Use Case Map

A UseCaseMap is the weaving of multiple UseCase threads into a tapestry.

On CritiqueOfUseCases, I babbled that

Consider a system to be a volume in a discrete space. A discrete space is built out of indivisible quantized partitions, like pixels on your screen. It's discrete because your computer is. It's that Turing guy again..

If you consider that, then each feature, or UserStory, is like a point inside this volume. A UseCase is like a path through the volume. A diagram is like a surface inside this volume.

A UseCaseMap, then, adds an extra dimension to the one-dimensional UseCases. (*)

The very simplest UseCaseMap is purely linear and looks very much like this:

      r1
   @__________|
          r2  |

Where @ is the start of the use case, | is the end of the use case and r1 and r2 are responsibilities of the use case.

This would (maybe) represent a UseCase that looked much like this for, say, someone hitting <ESC> on her keyboard:

 Actors: User, keyboard, OS
 Precondition: The keyboard is in its default state (all keys up)
 Triggering event: User presses <ESC>

r1. Keyboard sends an <ESC> make message to the OS.

r2. OS beeps.

Postcondition: The <ESC> key is currently down. Resulting event: none.

The @ (which is really a solid dot) is the precondition and triggering event all in one. The | is the postcondition and resulting event all in one. The actors come into play during the bound map (see below).

A more complex example would look something like this:

                _____|
     r1        /  r4 |
 @____________/
          r2  \_____|
                 r3 |

The fork is an or-fork. That is, one of r3 or r4 will be executed.

http://www.usecasemaps.org can likely tell you more about the notation than I could. UseCaseMaps? look like squids to me.

A bound use case map or, simply, bound map is a UseCaseMap layered on top of a non-empty set of components. For example, if A, B and C are components:

                 +---------+
                 |    B    |
    +----+       |   ______|__|
    |  A |       |  / r4   |  |
    |    |       +-/-------+
    |r1  | +------/-----------+
 @__|____|_|_____/   C        |
    |    | | r2  \            |
    +----+ |      \___________|___|
           |         r3       |   |
           |                  |
           +------------------+

The responsibilities r1 through r4 have been bound to components here.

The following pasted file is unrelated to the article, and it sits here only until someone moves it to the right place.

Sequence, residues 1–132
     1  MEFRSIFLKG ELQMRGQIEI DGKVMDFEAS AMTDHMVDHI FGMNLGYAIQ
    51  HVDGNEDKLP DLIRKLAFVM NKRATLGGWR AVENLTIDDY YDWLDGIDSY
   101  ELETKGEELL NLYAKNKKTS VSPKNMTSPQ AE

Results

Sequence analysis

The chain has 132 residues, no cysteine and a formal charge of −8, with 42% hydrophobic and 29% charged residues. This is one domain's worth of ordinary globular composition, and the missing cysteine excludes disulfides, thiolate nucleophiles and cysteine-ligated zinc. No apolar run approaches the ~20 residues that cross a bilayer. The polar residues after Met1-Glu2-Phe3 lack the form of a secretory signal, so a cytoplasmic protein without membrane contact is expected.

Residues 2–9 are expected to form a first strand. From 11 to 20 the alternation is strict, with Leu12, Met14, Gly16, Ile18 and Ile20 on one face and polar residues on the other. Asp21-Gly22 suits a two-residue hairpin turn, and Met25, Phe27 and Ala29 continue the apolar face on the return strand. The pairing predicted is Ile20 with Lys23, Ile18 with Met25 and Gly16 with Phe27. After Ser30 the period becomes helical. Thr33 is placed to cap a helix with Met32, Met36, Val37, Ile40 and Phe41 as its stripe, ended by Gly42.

(*) Actually, a UseCase is probably more than one-dimension. However, just note that there is a total ordering between the dimensionalities of { UserStory, UseCase, UseCaseMap, the whole system }.

-- SunirShah


I don't see much benefit in drawing UseCaseMaps?. They smell greatly of BigDesignUpFront because I don't know what components I'll need. And if I misattributed r2 to component C instead of component A, refactoring the code requires changing the UseCaseMap. Moreover, I won't really know until I write the code.

They do provide a greater dimensioned slice of the system, but that should come after it's written, not before. This is very abstract, and AllAbstractionsLie.

As a benefit, though, you can tie various UseCaseMaps? together into a ScenarioCluster and you can show interactions between various UseCases here. But, that's tying the requirements down pretty solidly which assumes requirements are correct.

Another benefit proposed is ease of using formal methods and simulation to determine whether requirements are correct and consistent, and high-level design decisions aren't faulty (e.g. by providing race conditions). Well, requirements are going to be incorrect and inconsistent as a matter of course anyway. So, if you need a prototype to discover this, you might as well make your prototype your first iteration. It's cheaper.

As for race conditions or high-level constraints: in my experience, constraints invariably get violated at the lowest level in the design, not the highest. If it isn't obvious the design at a high level is correct, the system is too complicated. (this should be fractally applied throughout the system; cf FractalComprehension).

I'll likely have more to say and statements to retract after I draw more UseCaseMaps? over the next few weeks. -- SunirShah


CarletonUniversitySoftwareSystemsDesign's bouncing link tour takes us to MessageSequenceChart.

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